French Open Tennis 2013 Finals: Serena Williams' Win Is Legendary Achievement

Joseph ZuckerFeatured ColumnistJune 9, 2013

PARIS, FRANCE - JUNE 08:  Serena Williams of United States of America poses with the Coupe Suzanne Lenglen after victory in the Women's Singles Final match against Maria Sharapova of Russia  during day fourteen of French Open at Roland Garros on June 8, 2013 in Paris, France.  (Photo by Julian Finney/Getty Images)
Julian Finney/Getty Images

Watching Serena Williams win the 2013 French Open was watching a genius at work. Let's hope she's got another five years on top.

Roland Garros has long been a menace for Williams. Coming into the tournament, she only had one French Open title on her mantle. She had also only reached the semifinals twice—when she won in 2002 and then again in 2003.

Williams was also entering the French Open playing some of her best tennis in recent memory and the clear favorite to win.

It was either she would break her Roland Garros duck or her ravenous run of form. Luckily it was the former.

ESPN Stats and Info put the win in context:

Beating Maria Sharapova 6-4, 6-4 in the final meant Williams had dropped only one set the entire tournament. In total, she lost a paltry 29 games.

Hitting the age of 30 is generally a death sentence for tennis players. They start aging on the court more rapidly and are quickly overtaken by the faster, stronger, younger players.

That seems to be flipped with Serena. It's as if Williams is Benjamin Button and aging in reverse. She's saving some of her most dominant tennis for her 30s. By this rate, she'll win the Grand Slam when she hits about 39.

So not only did she defy the aging process, but Williams put in one of most dominant displays on what is arguably her worst surface. The argument could be made that this is the biggest win of Williams' career.

Quite simply, it's unbelievable how high of a level she is playing at right now.

ESPN's Jemele Hill chalks it up to what is Williams' insatiable desire to be the best:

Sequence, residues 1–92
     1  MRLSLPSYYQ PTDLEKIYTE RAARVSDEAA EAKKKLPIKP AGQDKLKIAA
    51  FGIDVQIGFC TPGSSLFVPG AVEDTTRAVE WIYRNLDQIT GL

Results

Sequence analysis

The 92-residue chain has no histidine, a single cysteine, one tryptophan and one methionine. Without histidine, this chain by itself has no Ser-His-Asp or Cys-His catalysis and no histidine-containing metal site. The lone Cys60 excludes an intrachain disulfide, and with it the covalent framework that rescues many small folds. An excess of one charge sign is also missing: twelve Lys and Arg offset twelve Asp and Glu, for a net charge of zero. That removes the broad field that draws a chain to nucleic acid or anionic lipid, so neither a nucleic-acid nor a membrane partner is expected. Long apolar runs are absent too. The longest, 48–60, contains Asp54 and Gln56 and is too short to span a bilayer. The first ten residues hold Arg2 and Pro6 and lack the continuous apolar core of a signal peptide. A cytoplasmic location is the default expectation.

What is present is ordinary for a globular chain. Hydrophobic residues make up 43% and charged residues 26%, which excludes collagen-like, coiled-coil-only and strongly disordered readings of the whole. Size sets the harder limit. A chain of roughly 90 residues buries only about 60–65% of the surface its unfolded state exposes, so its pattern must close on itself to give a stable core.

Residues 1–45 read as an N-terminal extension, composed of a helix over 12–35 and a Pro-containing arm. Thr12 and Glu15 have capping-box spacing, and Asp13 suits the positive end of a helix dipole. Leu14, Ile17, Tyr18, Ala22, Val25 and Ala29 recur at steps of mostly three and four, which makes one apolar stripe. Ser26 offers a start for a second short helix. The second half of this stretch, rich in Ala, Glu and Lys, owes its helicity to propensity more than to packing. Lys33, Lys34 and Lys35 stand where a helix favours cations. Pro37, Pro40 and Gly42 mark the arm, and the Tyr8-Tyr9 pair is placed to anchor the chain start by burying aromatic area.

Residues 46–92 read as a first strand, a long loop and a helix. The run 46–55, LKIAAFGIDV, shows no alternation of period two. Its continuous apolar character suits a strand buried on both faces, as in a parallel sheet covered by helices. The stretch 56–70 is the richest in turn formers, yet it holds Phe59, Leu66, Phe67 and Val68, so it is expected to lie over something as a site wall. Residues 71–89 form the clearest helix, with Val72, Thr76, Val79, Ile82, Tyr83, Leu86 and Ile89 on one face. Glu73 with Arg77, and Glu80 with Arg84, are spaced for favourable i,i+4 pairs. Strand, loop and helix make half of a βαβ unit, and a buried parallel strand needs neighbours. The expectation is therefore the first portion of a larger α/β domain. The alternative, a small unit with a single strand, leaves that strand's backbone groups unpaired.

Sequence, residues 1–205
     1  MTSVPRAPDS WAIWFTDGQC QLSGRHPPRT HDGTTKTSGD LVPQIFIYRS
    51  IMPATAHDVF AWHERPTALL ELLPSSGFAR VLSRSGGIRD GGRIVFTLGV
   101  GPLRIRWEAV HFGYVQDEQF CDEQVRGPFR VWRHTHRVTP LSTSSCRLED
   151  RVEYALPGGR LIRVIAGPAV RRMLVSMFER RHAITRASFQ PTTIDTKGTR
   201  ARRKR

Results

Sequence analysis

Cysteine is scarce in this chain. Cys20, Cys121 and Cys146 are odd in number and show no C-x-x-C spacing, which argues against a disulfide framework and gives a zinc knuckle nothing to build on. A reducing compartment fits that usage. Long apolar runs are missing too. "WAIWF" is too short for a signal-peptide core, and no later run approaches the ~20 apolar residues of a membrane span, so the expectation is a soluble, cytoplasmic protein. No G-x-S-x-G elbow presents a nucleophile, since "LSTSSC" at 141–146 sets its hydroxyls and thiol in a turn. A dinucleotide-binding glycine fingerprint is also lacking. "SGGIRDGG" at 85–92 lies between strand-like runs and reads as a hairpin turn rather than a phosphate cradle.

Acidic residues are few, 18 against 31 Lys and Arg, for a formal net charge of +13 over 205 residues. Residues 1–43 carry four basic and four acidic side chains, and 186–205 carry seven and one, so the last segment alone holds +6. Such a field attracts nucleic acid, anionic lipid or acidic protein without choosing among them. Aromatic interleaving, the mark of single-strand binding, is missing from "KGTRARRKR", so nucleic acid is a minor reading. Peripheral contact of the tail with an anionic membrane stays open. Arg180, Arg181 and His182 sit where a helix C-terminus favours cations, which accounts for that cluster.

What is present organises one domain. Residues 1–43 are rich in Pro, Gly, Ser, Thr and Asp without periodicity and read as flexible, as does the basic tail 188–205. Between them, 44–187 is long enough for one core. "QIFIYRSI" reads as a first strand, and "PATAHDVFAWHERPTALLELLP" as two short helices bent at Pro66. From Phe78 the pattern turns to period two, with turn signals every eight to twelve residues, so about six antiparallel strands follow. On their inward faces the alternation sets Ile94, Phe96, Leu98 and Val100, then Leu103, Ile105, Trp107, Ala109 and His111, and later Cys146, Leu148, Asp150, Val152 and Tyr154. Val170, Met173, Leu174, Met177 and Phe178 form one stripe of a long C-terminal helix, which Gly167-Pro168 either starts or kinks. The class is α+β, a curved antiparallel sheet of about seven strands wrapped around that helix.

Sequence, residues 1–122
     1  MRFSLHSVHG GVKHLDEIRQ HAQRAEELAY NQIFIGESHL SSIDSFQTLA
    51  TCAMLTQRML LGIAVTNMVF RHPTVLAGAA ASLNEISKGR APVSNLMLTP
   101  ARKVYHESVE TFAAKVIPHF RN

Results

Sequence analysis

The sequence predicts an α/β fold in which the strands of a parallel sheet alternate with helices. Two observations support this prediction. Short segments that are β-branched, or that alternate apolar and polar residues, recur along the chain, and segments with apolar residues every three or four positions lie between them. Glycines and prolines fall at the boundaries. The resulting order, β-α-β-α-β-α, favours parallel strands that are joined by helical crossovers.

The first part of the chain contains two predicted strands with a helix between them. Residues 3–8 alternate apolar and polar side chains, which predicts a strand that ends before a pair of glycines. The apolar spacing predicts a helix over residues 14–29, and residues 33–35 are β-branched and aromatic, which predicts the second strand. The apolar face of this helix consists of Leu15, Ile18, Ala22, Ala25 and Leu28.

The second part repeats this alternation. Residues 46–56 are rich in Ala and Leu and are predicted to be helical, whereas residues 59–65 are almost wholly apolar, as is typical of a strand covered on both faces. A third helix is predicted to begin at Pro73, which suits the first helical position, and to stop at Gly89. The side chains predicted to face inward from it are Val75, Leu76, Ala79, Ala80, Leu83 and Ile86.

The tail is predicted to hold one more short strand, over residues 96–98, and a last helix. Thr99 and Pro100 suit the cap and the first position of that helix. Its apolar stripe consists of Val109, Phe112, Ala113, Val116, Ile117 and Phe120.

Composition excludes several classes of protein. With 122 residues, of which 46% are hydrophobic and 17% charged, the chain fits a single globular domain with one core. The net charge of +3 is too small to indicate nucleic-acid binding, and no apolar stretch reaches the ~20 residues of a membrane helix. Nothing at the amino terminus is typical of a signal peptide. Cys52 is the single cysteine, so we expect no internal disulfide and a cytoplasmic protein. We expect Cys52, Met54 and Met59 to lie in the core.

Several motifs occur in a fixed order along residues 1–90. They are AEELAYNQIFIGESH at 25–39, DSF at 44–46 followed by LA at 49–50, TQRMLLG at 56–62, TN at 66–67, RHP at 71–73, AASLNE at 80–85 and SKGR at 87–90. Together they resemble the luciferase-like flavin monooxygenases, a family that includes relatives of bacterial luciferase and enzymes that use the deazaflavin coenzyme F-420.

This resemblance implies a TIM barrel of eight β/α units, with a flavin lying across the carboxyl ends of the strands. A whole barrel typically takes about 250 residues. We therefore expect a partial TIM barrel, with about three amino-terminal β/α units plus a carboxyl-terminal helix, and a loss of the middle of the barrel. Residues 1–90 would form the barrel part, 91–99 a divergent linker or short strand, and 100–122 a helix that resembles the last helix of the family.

That's the best way to explain how she continues to be the best in the world. She may not always be the most personable tennis player, but what do you expect from the best player in the world?

Michael Jordan isn't always a great person. Neither is Barry Bonds, Lance Armstrong, Jim Brown, Tiger Woods, etc. That's what separates the great players from the legendary players. They do whatever it takes to win, burning bridges in the process.

Williams shouldn't be hassled for that. That's the trade-off that comes with her prodigious talent and work ethic.

Let's not forget where Williams was with her right foot injury that caused her to miss so much time in 2010. There was the very real threat she would never step on to the court again, and if she did, she would be a shadow of her former self.

Instead, Williams took the injury as a challenge, one that could simply be overcome through hard work.

She comes back and wins Wimbledon and the U.S. Open in 2012. There were also the Olympics in which Williams played some of the most dominant tennis anybody has ever seen. The ease with which she beat Maria Sharapova was astounding.

Her loss to Sloane Stephens at the Australian Open was a disappointment. Had Williams been healthy, though, she probably would have had enough to dispatch the 20-year-old.

Now that she is back to full health, nobody can touch her.